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Lake Holcombe Town Board; Don’t clear snow into right-of-ways or face a fine

Lake Holcombe Town Board; Don’t clear snow into right-of-ways or face a fine Lake Holcombe Town Board; Don’t clear snow into right-of-ways or face a fine

Buck Steele, Lake Holcombe Sanitary District Board chairman, spoke to the Lake Holcombe Town Board Jan. 13, about how the township will handle future employment of a sanitary district employee. Photo by Ginna Young

By Ginna Young

Snow can be fun for winter recreation, but it can also be a hazard within a township. The Lake Holcombe Town Board hasn’t had a lot of fun this winter, when it comes to clearing snow, as discussed at a meeting Jan. 13.

“We have been having real issues with people plowing, pushing, blowing snow into our right-of-ways,” said town chairman Brian Guthman. “Not just the road right-of-ways, the road itself – the blacktop and everything else. We’re in real trouble.”

Guthman said the snow piled in right-of-ways is dangerous for motorists who go off in the ditch and strike the piled up snow. It’s also creating a block for melting snow, when culverts are blocked. Instead of melting and running in the ditches, the water is going across the road.

Per Wis. Stat. § 346.94(5), the law prohibits anyone from placing, or causing, to be placed upon a highway, any foreign substance which is, or may be, injurious to any vehicle. This prohibits anyone from plowing, shoveling or blowing snow onto a road. The penalty for violating this statute is $50 for each offense.

Additionally, Wis. Stat. § 86.022 makes it a misdemeanor, punishable by fine, to place any obstruction in a road ditch which will impede drainage. As such, individuals should not fill ditches with compacted snow. Municipalities may request that the sheriff’s department cite individuals for these violations of state law.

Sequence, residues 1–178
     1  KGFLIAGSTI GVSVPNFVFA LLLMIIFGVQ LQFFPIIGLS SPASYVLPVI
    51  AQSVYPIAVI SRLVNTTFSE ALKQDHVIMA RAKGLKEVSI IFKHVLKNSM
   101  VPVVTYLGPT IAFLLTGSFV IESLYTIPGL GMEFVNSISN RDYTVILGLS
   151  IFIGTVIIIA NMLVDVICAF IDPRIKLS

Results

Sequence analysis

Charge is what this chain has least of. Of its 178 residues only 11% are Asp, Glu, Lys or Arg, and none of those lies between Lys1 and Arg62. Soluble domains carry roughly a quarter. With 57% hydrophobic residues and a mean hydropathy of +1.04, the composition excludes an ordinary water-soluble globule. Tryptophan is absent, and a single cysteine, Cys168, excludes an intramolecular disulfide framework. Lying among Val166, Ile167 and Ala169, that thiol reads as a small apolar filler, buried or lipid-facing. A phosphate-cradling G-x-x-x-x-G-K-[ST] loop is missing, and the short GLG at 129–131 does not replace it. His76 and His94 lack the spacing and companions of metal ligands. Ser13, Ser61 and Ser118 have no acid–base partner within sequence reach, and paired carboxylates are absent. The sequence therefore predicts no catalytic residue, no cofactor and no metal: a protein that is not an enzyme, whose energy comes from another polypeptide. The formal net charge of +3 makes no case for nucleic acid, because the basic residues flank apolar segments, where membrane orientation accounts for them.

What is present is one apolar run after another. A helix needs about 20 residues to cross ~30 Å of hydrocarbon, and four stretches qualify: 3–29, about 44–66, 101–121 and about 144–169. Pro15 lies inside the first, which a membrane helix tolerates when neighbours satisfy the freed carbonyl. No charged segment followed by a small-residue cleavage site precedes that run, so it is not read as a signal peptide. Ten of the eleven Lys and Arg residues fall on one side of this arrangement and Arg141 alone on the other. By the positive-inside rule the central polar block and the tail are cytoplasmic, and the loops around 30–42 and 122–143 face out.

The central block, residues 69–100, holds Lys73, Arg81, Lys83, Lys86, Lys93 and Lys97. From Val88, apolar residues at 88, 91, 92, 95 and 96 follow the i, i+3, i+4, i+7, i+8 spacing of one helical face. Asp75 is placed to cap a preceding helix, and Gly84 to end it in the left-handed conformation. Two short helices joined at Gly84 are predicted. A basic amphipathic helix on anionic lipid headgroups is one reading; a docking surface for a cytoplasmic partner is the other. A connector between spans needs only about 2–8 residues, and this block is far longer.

If the sheriff’s department will not help, the municipality may adopt its own ordinance and issue its own citations. It may also be sufficient to send a warning letter to the individual before alerting the sheriff or issuing a citation.

The board agreed that if they know who the offender is for moving the snow across the road or into a right-of-way, that individual will receive a letter, notifying them that a citation will be the next action taken by the town.

“We’ve done that now with the cars in the street and we’ve had fairly good luck, with warning them first,” said Guthman.

Residents should also pay attention and drive carefully when the town is plowing the roads, especially at intersections. Town roadman Ben Jordan has seen with his own eyes how reckless people are when he is clearing an intersection, with one car even going up over the curb to pass him.

“They’ll come right up, try to pass him on a different side,” said Guthman.

Guthman also mentioned that he wants to keep on top of the specifications for paving on Pine Lake Road, as the town needs to stipulate that the drives and road transitions are also taken care of. Bids for the project will be put out in March, with pulverizing occurring as soon as the weather permits this spring.

Residents should also prepare for the need to take down mail boxes during the project and can construct a temporary makeshift mailbox, such as a milk can for the post and box to sit in.

During the meeting, Lake Holcombe Sanitary District Board president Buck Steele said he talked to City of Cornell administrator Dave DeJongh, about possibly sharing work, when sanitary district employee Duane Schultz eventually retires.

“He (DeJongh) said he would be more than glad to help us out in an emergency for a period of time, but we still got to get somebody to carry on after that,” said Steele. “Anyway, in a pinch, we got somebody to do it.”

While the town is not looking forward to Schultz retiring, “because he’s done such a great job,” the offi cials know they need to have a plan in place to get someone trained to take over.

Steele says he made sure Schultz understands the town is not trying to push him out, but needs to have a plan for the future.

Guthman mentioned how thankful he is Cornell is willing to come to their aid if needed, and said maybe, down the road, a full-time position could be shared through the town and the city.

In keeping with the discussion on the sanitary board, town members appointed current town clerk Tracey Larson to the vacant sanitary board seat, pending formal documentation of the resignation of Tracy Geist.